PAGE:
From Plot to Plate: Linking Agricultural Productivity and Human Nutrition in Bangladesh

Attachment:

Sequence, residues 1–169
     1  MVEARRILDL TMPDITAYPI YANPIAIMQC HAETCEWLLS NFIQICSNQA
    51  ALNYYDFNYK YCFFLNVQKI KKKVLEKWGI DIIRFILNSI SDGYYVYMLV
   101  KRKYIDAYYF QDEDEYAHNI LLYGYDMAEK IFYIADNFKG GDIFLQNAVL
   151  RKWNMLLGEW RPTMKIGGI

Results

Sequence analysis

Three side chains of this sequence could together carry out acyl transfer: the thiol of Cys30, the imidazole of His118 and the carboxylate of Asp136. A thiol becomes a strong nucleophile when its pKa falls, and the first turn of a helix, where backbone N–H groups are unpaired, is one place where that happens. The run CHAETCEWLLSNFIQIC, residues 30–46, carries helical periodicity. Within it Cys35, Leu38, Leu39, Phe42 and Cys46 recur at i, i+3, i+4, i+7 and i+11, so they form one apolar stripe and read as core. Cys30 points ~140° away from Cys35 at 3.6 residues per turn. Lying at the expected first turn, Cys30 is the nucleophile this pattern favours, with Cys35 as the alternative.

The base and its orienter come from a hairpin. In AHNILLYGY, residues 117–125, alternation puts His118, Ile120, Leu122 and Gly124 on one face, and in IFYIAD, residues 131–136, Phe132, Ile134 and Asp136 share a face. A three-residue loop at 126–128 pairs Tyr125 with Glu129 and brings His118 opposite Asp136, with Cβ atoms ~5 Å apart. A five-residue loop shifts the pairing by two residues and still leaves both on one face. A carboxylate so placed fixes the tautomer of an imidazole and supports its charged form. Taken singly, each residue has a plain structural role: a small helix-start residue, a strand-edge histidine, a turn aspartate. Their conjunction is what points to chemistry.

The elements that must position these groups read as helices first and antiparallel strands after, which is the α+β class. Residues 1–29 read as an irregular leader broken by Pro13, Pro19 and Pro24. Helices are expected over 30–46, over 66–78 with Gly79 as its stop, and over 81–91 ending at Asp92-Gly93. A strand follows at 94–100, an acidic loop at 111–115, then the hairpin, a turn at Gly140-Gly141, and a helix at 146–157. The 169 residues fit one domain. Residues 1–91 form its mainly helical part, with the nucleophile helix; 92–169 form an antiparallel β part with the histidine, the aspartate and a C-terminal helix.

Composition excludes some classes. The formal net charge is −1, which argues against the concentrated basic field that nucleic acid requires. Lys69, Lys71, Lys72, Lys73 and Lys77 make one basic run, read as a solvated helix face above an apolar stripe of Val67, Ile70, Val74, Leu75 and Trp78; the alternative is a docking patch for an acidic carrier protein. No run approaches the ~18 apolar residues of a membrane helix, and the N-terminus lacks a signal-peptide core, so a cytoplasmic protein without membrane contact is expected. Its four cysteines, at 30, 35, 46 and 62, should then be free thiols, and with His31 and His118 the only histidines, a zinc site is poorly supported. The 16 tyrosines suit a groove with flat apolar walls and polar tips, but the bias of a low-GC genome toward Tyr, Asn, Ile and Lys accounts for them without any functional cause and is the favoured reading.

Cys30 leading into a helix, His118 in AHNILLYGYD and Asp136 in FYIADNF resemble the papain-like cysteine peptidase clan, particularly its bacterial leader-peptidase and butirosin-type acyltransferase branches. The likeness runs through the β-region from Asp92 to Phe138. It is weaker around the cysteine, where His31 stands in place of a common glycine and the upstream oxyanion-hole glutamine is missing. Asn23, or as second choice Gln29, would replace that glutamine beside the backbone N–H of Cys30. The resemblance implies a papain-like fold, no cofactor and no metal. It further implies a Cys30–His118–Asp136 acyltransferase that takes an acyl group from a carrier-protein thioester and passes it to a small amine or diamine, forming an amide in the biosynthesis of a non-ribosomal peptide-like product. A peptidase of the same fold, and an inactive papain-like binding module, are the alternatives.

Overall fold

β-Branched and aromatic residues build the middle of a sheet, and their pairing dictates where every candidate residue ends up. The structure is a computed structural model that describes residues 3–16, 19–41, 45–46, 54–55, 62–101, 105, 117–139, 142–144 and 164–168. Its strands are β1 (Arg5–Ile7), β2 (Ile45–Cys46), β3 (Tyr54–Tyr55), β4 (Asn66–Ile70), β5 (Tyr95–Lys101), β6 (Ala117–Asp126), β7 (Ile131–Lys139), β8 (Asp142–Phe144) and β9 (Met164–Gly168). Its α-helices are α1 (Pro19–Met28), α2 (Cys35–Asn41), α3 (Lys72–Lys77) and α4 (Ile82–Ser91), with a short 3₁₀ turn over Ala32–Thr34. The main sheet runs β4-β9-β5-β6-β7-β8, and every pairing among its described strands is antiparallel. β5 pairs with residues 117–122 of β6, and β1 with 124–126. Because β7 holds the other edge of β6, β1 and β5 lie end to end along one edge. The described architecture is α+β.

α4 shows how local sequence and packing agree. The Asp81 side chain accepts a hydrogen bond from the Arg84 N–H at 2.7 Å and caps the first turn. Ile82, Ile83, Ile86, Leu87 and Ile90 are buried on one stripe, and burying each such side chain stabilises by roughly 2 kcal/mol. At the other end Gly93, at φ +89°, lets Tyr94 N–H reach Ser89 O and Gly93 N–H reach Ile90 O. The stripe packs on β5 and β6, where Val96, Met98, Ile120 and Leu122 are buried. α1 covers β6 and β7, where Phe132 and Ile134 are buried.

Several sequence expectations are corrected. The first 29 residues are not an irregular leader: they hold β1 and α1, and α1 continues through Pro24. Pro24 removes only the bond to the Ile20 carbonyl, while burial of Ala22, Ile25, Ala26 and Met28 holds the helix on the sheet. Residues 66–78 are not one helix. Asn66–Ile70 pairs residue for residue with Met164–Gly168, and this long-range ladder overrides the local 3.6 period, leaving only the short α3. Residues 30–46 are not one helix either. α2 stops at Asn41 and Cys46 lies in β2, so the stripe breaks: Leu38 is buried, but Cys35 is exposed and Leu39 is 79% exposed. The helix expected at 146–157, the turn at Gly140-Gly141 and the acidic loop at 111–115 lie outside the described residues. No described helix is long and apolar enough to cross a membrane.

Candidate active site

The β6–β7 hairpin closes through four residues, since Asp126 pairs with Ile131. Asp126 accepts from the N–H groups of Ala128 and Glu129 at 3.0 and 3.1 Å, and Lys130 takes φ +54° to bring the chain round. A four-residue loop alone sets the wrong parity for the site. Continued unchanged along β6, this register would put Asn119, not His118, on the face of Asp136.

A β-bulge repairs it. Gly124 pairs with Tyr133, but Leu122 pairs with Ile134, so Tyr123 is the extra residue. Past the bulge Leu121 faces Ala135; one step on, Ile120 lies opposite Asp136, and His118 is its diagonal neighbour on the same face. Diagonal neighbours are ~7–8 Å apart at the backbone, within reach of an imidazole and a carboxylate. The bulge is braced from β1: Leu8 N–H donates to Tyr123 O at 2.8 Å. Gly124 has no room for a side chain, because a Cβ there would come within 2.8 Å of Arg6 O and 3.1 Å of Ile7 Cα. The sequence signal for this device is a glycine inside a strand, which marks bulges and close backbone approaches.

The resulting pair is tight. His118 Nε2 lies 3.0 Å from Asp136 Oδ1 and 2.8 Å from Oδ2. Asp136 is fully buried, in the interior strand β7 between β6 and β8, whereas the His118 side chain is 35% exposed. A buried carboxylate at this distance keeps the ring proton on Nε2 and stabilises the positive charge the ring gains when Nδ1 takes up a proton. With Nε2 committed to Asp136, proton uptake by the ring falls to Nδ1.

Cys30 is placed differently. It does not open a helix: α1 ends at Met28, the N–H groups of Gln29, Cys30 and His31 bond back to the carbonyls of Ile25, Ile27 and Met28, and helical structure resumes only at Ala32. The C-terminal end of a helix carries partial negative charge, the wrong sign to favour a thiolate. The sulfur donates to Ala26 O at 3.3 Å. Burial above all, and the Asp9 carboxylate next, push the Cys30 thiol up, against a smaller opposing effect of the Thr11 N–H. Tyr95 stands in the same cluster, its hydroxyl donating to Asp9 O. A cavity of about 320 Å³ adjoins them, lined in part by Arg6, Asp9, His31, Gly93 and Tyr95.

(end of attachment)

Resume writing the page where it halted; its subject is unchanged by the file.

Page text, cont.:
Recent global food crisis combined with a series of natural disasters had a significant impact on the availability and affordability of food in Bangladesh, threatening to reverse the progress made in poverty reduction and hunger elimination achieved in the past decade. In this paper, we examine the direct and indirect linkages between agriculture and nutrition in Bangladeshi households, with a focus on rice. We first investigate the factors of rice productivity at plot, household, and village level by estimating an endogenous switching model of yield by season. Next we inspect the relationship between income and nutrition using a partial linear model to control for household characteristics. Finally we are able to simulate how increased rice yields and elevated rice price affect consumption decisions and nutritional status of households. Estimation results indicate that farmers’ decision to use irrigation and yield response are determined by different factors, including input intensification, land ownership, education, and access to assets and infrastructure. Household nutrition intake is influenced by household asset, household head characteristics, and consumption of own production. Simulation results suggest increasing rice yield is an effective way to improve nutrition intake in Bangladesh. Our results highlight the importance of input availability and timeliness to increase rice production and achieve self-sufficiency. Government investment in rural infrastructure and service proves to increase both food supply and nutrient intake. In the long run, food security and nutrition can only be achieved through adoption of modern technology developed by agricultural R&D and extension activities. There is no evidence of negative impact of rice price on nutrient intake, implying that households are able to cope with high food prices through shifting to less balanced diets or through cutting expenditure in other activities like education and health care. At the same time, policies targeting vulnerable groups are needed to address food insecurity and malnutrition.
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